- Subway is partnering with Penn Foster to launch a career readiness pilot program for 331 Subway employees throughout Central Florida, according to a press release.
- The program will help employees develop workplace skills while advancing their education through an online career readiness boot camp and high school program offered through Penn Foster.
- The programs will focus on soft skills like teamwork and adaptability. The self-paced program guides employees through exercises in personal and workplace competencies.
A number of QSRs are offering career training or employee development programs, which may be an attempt to make the positions more appealing while the unemployment rate is at a 50-year low. The offerings may also encourage some employees to be more invested in their positions with the hopes of earning a spot in one of these programs. Over half (51%) of restaurateurs ranked hiring staff as one of their top challenges, according to this year’s Restaurant Success Report, with training staff (35%) and retaining staff (31%) as additional challenges.
For Subway's new pilot program, the spots are available for employees who have been active for 90 days on a first-come, first-serve basis. The franchise owner determines who is accepted.
"The launch of this program plays an integral part in our effort to foster educational development opportunities to our greatest brand ambassadors, Subway Sandwich Artists," says Michael Robling, Subway's Operations Specialist for North America, in the press release. "We hope to provide the people who work hard each and every day to serve guests and create an exceptional Subway experience with an opportunity to achieve their personal goals and career aspirations."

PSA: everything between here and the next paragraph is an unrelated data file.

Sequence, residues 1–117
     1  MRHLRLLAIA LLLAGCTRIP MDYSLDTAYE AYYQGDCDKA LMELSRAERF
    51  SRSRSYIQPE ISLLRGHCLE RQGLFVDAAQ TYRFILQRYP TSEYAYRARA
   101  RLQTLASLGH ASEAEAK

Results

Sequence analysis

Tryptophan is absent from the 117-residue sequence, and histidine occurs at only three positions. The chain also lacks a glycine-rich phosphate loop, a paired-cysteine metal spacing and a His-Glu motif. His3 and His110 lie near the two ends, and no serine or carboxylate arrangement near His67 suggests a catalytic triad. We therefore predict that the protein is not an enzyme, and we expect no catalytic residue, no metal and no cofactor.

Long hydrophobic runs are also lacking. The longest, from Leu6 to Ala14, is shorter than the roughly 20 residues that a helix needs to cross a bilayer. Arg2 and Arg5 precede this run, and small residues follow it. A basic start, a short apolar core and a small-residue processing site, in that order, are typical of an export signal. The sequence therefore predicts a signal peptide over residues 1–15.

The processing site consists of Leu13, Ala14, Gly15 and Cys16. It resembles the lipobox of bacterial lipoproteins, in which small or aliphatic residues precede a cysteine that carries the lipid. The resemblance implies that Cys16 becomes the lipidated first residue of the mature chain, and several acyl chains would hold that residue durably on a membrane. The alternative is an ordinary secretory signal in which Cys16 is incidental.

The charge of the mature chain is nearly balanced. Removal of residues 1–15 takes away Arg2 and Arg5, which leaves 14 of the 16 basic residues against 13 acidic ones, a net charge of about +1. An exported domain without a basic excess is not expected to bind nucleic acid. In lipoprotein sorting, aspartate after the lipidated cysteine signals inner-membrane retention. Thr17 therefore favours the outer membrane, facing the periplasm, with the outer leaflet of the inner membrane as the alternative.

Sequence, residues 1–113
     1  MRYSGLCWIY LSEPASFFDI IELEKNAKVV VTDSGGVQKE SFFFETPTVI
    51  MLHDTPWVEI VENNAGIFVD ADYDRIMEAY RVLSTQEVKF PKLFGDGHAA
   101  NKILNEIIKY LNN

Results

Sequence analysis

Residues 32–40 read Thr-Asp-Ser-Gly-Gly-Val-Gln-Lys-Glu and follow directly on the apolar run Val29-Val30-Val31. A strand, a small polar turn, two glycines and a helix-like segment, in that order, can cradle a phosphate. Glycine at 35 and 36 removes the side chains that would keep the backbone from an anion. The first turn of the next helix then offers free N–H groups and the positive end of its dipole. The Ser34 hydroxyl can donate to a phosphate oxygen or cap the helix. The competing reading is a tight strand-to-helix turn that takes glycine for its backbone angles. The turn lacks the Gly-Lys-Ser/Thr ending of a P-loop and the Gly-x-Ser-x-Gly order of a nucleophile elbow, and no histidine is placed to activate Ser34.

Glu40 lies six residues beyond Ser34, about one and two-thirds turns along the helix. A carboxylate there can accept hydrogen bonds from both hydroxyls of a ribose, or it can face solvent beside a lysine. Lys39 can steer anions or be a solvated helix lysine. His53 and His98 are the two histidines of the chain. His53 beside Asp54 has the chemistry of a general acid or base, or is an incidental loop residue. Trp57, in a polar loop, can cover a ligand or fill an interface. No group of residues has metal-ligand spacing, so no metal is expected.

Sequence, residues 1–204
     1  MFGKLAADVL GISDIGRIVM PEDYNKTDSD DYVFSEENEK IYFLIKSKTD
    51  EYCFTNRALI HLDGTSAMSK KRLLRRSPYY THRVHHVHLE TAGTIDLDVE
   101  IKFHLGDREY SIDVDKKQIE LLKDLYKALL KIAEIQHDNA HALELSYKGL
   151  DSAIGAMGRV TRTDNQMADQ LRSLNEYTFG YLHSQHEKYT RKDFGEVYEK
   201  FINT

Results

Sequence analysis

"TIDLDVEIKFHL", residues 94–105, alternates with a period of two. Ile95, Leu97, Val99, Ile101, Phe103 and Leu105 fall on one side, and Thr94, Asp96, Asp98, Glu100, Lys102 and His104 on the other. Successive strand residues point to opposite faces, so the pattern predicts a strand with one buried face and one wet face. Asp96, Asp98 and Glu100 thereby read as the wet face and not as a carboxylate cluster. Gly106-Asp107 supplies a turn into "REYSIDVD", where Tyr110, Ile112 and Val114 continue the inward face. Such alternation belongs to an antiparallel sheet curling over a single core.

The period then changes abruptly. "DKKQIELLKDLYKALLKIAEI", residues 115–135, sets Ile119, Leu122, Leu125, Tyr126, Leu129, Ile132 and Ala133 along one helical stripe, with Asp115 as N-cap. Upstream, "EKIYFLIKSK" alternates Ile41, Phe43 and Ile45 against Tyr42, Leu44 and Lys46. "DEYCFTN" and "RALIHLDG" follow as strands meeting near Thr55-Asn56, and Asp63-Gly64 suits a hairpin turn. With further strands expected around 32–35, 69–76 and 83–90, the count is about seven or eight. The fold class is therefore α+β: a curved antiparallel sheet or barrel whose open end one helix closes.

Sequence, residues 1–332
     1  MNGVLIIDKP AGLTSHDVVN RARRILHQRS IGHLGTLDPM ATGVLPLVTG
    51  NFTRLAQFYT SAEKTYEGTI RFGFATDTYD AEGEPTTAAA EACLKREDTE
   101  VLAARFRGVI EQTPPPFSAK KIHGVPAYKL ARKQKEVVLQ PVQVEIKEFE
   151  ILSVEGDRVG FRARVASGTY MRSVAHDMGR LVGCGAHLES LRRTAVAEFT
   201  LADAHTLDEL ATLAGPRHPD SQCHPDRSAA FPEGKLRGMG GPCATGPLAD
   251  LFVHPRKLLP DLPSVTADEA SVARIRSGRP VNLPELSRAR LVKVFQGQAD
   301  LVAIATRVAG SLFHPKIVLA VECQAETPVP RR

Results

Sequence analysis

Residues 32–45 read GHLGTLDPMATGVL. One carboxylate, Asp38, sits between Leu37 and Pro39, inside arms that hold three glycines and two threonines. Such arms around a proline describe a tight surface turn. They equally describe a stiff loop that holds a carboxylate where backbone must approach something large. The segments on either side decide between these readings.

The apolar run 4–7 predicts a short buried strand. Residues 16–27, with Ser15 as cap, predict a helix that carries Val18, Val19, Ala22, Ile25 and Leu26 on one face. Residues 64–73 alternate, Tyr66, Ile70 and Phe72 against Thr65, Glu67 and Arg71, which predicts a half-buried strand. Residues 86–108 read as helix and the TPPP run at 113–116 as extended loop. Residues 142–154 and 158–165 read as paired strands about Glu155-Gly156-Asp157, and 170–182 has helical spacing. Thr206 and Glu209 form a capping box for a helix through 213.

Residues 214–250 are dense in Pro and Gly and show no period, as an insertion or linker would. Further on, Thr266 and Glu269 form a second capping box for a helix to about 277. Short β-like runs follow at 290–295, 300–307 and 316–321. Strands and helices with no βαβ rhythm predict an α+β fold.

Subway has been active in supporting its employees through other efforts like the Fresh Start Scholarship Program that awards scholarships to employees throughout the U.S., Canada and Australia. Other QSRs investing in employee development include Denny’s, which partnered with Magic Johnson in March for a new leadership training program including simulations, games, mobile learning, training videos, and leadership workshops. McDonald's launched a specific program in March to provide women with tailored resources for career excellence, including a Women in Tech initiative. Last year, it launched the Where You Want To Be campaign, which allowed employees to shadow influencers from industries in which they want to work.
Other brands are focusing on providing tuition assistance as a way to attract and retain employees. Papa John's partnered with Purdue University to pay for employee's online tuition while Starbucks, McDonald's, Taco Bell and Chick-fil-A also offer educational assistance programs. Chick-fil-A reports that its program increased employee retention. Chipotle expanded its education benefits in October to offer 100% tuition costs toward 75 types of business and tech degrees and offers $5,250 per year in educational assistance while KFC covers up to $2,500.